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Mayking officials respond

Mayking Fire Dept. officials say bingo games were moved to the fire station after it became unaffordable to operate them at the former Red Roof Bingo Hall at Kona.

Mayking Fire Dept. officials say bingo games were moved to the fire station after it became unaffordable to operate them at the former Red Roof Bingo Hall at Kona.

Two top officials with the Mayking Volunteer Fire Department asked to meet this

week with Mountain Eagle

reporter William Farley so they could refute what they refer to as unfair allegations made against the department during a public meeting of the Letcher Fiscal Court. Mayking Fire Department Board Chairman Arius Holbrook Jr. and Fire Chief Archie Crawford III met with Farley on Tuesday.

Holbrook said his purpose in asking for the meeting was to let the public know that allegations made at the January 19 meeting of the Letcher Fiscal Court were either untrue or have been corrected. David Chaffins, one of two men who made the allegations to the fiscal court, also attended the meeting.

“Most of the allegations were untrue,” said Holbrook. “We have raised and spent between $750,000 and $1 million on equipment and maintenance and it is all accounted for. We had an audit by the Internal Revenue Service three years ago and received a letter of commendation from them for good bookkeeping.”

Fire trucks are stored in this old auto repair garage nearby the fire station.

Fire trucks are stored in this old auto repair garage nearby the fire station.

Holbrook said Archie Crawford III, not Archie Crawford Jr., is the department’s chief. Chaffins said he had been misinformed when said publicly that Archie Crawford Jr. was chief.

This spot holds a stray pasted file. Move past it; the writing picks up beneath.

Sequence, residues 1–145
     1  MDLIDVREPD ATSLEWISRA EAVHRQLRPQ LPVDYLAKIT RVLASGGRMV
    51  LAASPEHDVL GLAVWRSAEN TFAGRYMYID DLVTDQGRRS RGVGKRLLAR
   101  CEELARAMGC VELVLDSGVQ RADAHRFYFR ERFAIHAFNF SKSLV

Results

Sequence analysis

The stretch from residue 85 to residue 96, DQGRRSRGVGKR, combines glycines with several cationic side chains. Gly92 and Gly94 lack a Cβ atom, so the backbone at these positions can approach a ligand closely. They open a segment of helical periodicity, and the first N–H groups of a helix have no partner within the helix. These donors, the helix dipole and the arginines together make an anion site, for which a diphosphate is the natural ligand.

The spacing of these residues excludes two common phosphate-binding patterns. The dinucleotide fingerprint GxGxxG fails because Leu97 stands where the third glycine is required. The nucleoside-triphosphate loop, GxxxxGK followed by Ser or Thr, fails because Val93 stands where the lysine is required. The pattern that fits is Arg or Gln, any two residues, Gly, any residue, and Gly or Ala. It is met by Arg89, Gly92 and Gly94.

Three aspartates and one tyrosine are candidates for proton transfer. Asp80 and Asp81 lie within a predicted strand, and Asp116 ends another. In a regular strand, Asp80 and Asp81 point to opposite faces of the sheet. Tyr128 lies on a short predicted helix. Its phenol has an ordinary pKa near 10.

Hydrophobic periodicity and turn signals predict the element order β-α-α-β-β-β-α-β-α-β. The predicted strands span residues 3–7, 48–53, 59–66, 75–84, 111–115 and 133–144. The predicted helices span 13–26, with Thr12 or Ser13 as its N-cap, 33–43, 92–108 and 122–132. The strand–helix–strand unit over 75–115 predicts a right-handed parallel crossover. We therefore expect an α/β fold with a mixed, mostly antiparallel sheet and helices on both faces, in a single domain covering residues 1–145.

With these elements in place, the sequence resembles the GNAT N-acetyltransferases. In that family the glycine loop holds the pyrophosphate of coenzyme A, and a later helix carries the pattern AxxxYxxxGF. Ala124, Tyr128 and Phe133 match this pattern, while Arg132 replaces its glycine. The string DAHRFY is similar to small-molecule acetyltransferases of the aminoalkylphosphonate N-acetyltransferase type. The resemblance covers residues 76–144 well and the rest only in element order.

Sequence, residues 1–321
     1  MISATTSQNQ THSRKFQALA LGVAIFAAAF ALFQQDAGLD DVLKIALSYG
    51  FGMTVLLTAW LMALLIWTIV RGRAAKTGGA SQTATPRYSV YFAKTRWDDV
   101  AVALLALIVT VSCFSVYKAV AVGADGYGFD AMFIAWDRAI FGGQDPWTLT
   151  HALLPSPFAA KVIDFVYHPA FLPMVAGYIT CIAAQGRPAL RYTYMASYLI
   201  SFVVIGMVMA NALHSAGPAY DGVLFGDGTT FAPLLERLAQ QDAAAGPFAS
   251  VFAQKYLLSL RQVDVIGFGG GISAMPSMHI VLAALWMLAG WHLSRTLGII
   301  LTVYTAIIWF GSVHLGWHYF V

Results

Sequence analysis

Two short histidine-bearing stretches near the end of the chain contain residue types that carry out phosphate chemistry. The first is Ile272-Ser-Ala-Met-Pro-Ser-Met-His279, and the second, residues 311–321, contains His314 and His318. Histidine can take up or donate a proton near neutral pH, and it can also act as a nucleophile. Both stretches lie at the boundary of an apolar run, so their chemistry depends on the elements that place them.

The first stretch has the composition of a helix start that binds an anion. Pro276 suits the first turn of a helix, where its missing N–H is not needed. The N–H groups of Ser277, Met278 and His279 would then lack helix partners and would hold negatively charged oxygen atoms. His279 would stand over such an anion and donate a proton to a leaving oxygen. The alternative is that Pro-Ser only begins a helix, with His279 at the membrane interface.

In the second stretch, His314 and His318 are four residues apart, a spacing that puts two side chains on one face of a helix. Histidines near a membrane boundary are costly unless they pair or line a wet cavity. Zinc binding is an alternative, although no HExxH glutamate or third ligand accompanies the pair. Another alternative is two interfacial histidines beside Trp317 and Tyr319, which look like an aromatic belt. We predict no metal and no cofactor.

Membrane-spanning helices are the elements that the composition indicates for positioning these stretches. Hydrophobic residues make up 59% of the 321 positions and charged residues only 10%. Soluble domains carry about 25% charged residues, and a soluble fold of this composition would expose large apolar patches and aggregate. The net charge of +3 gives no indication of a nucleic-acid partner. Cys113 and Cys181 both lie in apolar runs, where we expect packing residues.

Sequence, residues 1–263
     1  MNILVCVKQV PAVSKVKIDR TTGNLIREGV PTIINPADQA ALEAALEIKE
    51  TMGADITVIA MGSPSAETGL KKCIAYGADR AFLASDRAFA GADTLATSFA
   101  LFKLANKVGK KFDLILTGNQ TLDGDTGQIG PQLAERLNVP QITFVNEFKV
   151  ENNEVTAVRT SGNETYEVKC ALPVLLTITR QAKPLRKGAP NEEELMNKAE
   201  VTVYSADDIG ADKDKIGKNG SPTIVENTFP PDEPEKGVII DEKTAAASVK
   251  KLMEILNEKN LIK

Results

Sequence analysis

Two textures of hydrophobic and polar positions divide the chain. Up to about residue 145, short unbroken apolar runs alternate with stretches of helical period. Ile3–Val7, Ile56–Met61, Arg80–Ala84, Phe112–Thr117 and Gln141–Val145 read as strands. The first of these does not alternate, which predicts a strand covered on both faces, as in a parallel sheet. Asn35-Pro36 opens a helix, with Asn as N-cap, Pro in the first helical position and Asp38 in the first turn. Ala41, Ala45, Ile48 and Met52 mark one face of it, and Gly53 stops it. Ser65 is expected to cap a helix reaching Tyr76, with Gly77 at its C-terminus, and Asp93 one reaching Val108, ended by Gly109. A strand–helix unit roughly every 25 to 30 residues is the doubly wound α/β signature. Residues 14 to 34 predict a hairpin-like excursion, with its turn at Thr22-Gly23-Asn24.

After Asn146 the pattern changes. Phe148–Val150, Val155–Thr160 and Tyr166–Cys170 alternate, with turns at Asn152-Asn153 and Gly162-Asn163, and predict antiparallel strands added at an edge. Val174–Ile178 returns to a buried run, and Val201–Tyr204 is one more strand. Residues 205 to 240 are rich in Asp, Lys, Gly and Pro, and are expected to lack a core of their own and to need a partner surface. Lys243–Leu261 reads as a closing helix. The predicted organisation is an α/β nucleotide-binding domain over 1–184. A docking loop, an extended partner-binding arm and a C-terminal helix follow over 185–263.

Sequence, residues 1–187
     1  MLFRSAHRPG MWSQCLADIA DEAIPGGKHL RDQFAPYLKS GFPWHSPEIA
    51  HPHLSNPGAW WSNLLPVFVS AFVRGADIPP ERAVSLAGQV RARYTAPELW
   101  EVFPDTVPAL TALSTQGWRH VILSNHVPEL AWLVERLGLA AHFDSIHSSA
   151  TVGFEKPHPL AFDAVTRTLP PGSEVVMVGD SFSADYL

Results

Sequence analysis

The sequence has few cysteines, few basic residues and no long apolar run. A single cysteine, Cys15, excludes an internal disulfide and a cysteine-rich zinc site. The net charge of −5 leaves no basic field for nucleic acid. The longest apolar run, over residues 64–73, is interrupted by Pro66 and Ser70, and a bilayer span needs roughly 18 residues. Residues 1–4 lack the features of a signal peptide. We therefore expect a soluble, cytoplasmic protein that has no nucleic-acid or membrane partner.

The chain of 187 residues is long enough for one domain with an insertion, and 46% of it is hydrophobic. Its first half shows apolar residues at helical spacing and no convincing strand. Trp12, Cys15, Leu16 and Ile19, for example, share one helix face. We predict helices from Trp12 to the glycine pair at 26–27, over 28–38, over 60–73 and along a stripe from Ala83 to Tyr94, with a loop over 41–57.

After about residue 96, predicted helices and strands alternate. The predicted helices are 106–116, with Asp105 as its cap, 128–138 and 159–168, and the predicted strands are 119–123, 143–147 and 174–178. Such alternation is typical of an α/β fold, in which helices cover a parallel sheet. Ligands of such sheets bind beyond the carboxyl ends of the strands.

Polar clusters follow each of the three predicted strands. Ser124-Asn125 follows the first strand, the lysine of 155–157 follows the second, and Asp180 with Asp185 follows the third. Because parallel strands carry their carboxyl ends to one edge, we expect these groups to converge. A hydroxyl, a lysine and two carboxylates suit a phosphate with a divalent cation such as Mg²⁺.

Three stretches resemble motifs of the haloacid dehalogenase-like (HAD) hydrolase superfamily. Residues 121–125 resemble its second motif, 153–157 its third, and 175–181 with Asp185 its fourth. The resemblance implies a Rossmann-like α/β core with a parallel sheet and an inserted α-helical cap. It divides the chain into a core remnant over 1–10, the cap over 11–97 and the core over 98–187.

Holbrook went point by point over a report of the fiscal court meeting that appeared in the January 21

edition of The Mountain

Eagle and refuted many of the allegations made by Chaffins and Letcher County Constable Roland Craft at last week’s court meeting.

Holbrook said the Mayking bingo games had originated at the Red Roof Bingo Hall in Kona for the purpose of providing funds for the upkeep of the fire house and maintenance on trucks, but said that when the county-wide smoking ban was passed, revenues dropped to the point where the $350 fee charged by Red Roof to community organizations holding bingo games there left little money for anything. He said department officials checked the state’s charitable gaming regulations and learned they could hold bingo games in their own facility without having a license if they limit the games to four nights per week. Holbrook said they began to schedule games for Wednesday and Thursday nights.

Holbrook said the Letcher County Cares Domestic Violence Center in Whitesburg had approached the department in early January and asked if they could use the fire house for bingo on Monday and Tuesday. He said the board agreed but forgot that the Mayking Neighborhood Watch also met there on Tuesday evening. He said the community watch group will be offered a meeting spot on weekends or they can move their meeting to a time before the bingo game on Tuesday.

The fire trucks were moved from the fire house to the garage beside the building as reported, but instead of a wood stove as was said at the fiscal court meeting, heat is generated with modern oil stove with a blower. Crawford said the trucks are kept full of water and there is no difference whether they are full of water or not as long as proper temperature is maintained. He said if the trucks were left outside, pumps could freeze and burst but the thermostat is kept set at a safe temperature in the garage. Both trucks are also diesels and require a certain temperature before they can be started. Chaffins said there was no board meeting concerning the move, but that he received an explanation for the move last week after the article appeared and is satisfied.